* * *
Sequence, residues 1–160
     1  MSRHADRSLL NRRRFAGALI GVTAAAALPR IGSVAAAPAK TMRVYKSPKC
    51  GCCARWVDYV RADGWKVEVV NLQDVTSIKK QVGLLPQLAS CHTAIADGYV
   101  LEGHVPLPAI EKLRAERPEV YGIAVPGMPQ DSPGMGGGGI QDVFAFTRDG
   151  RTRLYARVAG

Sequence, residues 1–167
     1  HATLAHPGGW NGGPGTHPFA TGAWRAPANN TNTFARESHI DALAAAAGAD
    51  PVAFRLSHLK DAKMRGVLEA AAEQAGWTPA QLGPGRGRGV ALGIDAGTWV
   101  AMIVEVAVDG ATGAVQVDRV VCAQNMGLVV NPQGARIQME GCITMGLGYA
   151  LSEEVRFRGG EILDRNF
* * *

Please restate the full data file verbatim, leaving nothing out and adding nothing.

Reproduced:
Sequence, residues 1–160
     1  MSRHADRSLL NRRRFAGALI GVTAAAALPR IGSVAAAPAK TMRVYKSPKC
    51  GCCARWVDYV RADGWKVEVV NLQDVTSIKK QVGLLPQLAS CHTAIADGYV
   101  LEGHVPLPAI EKLRAERPEV YGIAVPGMPQ DSPGMGGGGI QDVFAFTRDG
   151  RTRLYARVAG

Sequence, residues 1–167
     1  HATLAHPGGW NGGPGTHPFA TGAWRAPANN TNTFARESHI DALAAAAGAD
    51  PVAFRLSHLK DAKMRGVLEA AAEQAGWTPA QLGPGRGRGV ALGIDAGTWV
   101  AMIVEVAVDG ATGAVQVDRV VCAQNMGLVV NPQGARIQME GCITMGLGYA
   151  LSEEVRFRGG EILDRNF